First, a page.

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Satellite Images Show Chinese Armoured Vehicles Gathering Near Hong Kong

The photos have contributed to fears that Beijing might forcefully intervene upon Hong Kong's ongoing protests.
Gavin Butler
Melbourne, AU
A satellite image appears to show a close up of Chinese military vehicles at Shenzhen Bay Sports Center in Shenzhen, China
Image via Reuters

Fleets of Chinese armoured personnel carriers appear to be gathering near the border of Hong Kong. Satellite images show what looks like more than 100 vehicles sitting in and around the soccer stadium at the Shenzhen Bay Sports Centre in Shenzhen—just north of Hong Kong’s financial hub, where demonstrators have been protesting against the Beijing government for more than two months.

Some have interpreted the influx of troop carriers as a threat from Beijing to use increased force against protesting Hong Kongers, The Guardian reports.


The photos—released by Maxar Technologies, a US space tech company that specialises in “Earth observation”, among other things—come just days after Alexandre Krauss, a senior political adviser at Renew Europe, posted a video to Twitter that appeared to show paramilitary vehicles entering the stadium.

“Disturbing video taken in #Shenzhen just across the boarder [sic] with #HongKong,” Krauss wrote. “Something extraordinarily bad is about [to] happen.”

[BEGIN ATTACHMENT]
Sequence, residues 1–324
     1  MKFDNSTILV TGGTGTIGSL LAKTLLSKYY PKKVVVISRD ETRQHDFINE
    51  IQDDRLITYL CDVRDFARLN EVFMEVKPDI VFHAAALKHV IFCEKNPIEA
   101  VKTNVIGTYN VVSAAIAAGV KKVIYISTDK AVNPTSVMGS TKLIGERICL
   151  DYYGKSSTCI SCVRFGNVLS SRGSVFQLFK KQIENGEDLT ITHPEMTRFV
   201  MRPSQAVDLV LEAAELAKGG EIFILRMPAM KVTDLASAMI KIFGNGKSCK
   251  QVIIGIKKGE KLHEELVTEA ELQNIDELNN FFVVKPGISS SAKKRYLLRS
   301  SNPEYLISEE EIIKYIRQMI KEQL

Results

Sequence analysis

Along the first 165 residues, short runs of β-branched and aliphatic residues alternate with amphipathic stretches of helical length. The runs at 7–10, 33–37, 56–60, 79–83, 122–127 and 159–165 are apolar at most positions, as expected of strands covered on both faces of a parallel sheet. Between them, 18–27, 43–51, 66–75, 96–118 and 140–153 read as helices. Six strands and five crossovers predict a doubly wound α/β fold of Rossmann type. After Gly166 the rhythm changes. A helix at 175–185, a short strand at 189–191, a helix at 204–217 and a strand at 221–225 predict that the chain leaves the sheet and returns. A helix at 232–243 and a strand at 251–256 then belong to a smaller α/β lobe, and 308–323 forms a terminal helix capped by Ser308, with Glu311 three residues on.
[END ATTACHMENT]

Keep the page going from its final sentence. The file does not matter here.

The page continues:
China's state media reported earlier this week that forces had been assembled in the border city of Shenzhen for training exercises. Despite state media saying that the exercises had been planned before and were not related to the Hong Kong uprising, however, there are growing fears that Beijing might directly intervene upon the situation.

On Monday, China declared that the ongoing pro-democracy demonstrations were beginning to show “sprouts of terrorism”. Earlier this month, embattled Chief Executive Carrie Lam ominously said of the protests: “such disruptions have seriously undermined Hong Kong’s law and order and are pushing our city, the city we all love, and many of us helped to build, to the verge of a very dangerous situation.”

The Hong Kong protests began in early June, in response to a contentious extradition bill—advocated by Lam’s government—which would allow China to extradite people from Hong Kong to the mainland. For many, that bill symbolises a growing fear that Hong Kong, long-viewed as a separate entity from mainland China, is losing its autonomy under Beijing’s encroaching authoritarianism.

While the Hong Kong government has suspended the bill, activists worry it could be revived at a later date. And with no end in sight to the clashes between Hong Kong’s government and the activists, fears that China may step in with a military presence have grown. Beijing's comments on Monday further stoked these fears.

"Hong Kong’s radical demonstrators have repeatedly attacked police officers with extremely dangerous tools," said Yang Guang, a spokesman for the Hong Kong and Macao Affairs Office. "They have already constituted serious violent crimes and have begun to show signs of terrorism. This is a gross violation of the rule of law and social order in Hong Kong, which is endangering the lives and safety for Hong Kong citizens."

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